The early history of the Parish of St John's, Upper Norwood was inextricably linked to the Crystal Palace, relocated to the summit of Sydenham Hill in 1854. Its presence defined the Southern slopes that form the parish as a fashionable and pleasant place to live. As the population grew, much of what remained of the Great North Wood was destroyed to make way for housing.
Its spiritual needs were originally catered for by an Iron Church, but this soon proved inadequate and the remarkable Reverend William Fairbairn La Trobe-Bateman inspired the great building that you see today.
Interior 1908 Never a man to do things by halves, Bateman commissioned one of the finest architects of the age to design a building of cathedral-like proportions. Funded largely by the donations of parishioners it was completed except for the spire by 1887.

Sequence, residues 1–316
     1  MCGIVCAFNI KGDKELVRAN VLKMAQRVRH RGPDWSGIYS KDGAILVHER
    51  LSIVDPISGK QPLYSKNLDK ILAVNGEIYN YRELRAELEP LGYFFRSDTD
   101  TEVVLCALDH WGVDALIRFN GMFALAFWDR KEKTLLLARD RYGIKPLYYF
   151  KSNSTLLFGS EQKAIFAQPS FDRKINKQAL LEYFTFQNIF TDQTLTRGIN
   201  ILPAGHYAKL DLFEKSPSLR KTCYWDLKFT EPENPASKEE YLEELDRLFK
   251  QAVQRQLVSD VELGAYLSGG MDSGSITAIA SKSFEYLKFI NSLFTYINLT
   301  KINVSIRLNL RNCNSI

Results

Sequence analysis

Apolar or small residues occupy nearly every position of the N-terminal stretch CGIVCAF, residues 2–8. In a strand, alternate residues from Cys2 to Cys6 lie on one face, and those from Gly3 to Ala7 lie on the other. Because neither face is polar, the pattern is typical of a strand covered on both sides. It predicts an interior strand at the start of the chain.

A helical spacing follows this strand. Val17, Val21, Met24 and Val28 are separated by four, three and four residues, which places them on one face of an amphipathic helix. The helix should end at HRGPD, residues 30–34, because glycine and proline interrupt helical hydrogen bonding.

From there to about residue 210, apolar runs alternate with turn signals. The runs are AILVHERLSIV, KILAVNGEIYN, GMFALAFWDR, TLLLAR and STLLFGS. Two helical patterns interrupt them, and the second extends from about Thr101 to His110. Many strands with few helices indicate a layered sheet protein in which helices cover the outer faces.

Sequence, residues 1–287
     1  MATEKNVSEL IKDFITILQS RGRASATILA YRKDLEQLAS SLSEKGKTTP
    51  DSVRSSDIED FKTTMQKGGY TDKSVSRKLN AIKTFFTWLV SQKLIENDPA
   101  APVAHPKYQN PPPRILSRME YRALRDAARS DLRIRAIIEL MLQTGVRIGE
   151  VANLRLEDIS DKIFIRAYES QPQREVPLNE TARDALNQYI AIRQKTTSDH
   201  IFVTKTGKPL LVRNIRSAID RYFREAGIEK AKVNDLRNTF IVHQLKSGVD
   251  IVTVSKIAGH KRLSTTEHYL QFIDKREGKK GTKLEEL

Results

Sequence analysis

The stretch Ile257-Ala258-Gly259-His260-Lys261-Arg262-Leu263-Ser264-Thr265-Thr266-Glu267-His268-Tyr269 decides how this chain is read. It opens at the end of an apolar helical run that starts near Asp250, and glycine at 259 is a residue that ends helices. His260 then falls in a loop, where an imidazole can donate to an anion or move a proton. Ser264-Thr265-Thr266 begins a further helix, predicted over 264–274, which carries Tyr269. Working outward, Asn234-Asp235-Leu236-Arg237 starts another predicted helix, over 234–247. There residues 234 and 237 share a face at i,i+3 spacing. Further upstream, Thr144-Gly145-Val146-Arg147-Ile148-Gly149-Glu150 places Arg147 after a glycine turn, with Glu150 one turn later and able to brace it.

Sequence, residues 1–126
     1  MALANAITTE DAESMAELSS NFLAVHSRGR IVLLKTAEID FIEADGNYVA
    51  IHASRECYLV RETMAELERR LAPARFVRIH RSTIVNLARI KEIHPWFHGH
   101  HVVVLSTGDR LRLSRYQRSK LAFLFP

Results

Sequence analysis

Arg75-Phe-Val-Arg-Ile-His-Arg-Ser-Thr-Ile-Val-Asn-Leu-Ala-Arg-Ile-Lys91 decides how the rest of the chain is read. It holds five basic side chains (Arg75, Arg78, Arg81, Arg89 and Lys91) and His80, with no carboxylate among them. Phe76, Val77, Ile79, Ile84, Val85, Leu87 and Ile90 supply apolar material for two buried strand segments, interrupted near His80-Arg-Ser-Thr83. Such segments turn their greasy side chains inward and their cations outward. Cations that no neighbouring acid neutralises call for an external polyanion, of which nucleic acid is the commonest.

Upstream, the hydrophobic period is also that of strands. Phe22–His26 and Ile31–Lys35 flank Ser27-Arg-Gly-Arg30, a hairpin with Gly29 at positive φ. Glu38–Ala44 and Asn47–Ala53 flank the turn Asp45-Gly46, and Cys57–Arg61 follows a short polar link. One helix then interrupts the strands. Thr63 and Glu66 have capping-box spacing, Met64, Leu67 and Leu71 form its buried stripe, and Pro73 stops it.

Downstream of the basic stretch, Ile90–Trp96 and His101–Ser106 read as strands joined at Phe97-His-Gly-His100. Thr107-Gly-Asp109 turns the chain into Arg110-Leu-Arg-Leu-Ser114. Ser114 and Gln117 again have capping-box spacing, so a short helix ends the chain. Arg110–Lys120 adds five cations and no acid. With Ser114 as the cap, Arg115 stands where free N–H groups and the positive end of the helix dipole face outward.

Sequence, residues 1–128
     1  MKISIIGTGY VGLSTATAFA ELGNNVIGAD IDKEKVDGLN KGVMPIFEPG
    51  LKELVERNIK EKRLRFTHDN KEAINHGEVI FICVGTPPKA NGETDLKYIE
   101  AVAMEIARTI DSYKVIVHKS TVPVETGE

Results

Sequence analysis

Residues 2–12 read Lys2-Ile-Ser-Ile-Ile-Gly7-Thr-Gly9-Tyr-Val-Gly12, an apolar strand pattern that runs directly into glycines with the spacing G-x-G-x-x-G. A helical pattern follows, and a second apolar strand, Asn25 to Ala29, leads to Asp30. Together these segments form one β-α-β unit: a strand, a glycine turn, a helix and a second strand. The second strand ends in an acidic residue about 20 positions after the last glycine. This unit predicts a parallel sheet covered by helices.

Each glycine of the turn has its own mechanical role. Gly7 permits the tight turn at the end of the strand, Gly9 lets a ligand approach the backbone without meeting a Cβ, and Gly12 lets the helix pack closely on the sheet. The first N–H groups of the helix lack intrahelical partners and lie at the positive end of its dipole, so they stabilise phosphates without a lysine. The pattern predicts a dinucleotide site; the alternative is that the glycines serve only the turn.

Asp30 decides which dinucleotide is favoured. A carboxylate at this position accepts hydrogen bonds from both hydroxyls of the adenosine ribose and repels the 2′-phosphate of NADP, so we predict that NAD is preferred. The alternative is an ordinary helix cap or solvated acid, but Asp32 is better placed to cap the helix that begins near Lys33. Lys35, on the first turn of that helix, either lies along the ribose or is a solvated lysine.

In the last days of the Second World War, the building was hit by several doodlebugs resulting in extensive damage to the roof. Ever resourceful, the parishioners bricked up the North Aisle to serve as a temporary church and set about raising the funds to restore the building to its former glory under the guidance of the formidable, Revd. Eric Bailey. It is to him that we owe both its recovery and much of the financial legacy that remains today.
The nature of the parish has changed beyond all measure. Whilst a few 7-bedroom Victorian mansions remain in single ownership, much of the housing is now suitable for those of more modest means. The growth in car ownership means that many on our present electoral roll travel from elsewhere to worship in a style they find most inspiring to their spiritual needs.
Bateman's legacy and Pearson's building stand as a continuing rock against the world's troubles; a place of peace and spiritual fulfilment.